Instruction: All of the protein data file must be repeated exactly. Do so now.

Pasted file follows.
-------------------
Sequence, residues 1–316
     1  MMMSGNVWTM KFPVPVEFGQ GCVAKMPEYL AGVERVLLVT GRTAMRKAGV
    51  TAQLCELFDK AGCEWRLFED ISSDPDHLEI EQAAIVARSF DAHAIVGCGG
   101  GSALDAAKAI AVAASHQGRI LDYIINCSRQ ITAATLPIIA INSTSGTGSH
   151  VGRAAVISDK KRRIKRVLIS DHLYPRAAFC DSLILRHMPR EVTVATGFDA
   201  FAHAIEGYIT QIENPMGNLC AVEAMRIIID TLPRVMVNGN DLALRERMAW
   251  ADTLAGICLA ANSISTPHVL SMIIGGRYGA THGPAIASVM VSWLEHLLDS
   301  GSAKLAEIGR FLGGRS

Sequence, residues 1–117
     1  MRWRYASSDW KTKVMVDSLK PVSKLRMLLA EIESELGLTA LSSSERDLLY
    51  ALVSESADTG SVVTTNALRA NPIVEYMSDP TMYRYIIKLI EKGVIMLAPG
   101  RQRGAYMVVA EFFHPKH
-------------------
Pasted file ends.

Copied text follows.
Sequence, residues 1–316
     1  MMMSGNVWTM KFPVPVEFGQ GCVAKMPEYL AGVERVLLVT GRTAMRKAGV
    51  TAQLCELFDK AGCEWRLFED ISSDPDHLEI EQAAIVARSF DAHAIVGCGG
   101  GSALDAAKAI AVAASHQGRI LDYIINCSRQ ITAATLPIIA INSTSGTGSH
   151  VGRAAVISDK KRRIKRVLIS DHLYPRAAFC DSLILRHMPR EVTVATGFDA
   201  FAHAIEGYIT QIENPMGNLC AVEAMRIIID TLPRVMVNGN DLALRERMAW
   251  ADTLAGICLA ANSISTPHVL SMIIGGRYGA THGPAIASVM VSWLEHLLDS
   301  GSAKLAEIGR FLGGRS

Sequence, residues 1–117
     1  MRWRYASSDW KTKVMVDSLK PVSKLRMLLA EIESELGLTA LSSSERDLLY
    51  ALVSESADTG SVVTTNALRA NPIVEYMSDP TMYRYIIKLI EKGVIMLAPG
   101  RQRGAYMVVA EFFHPKH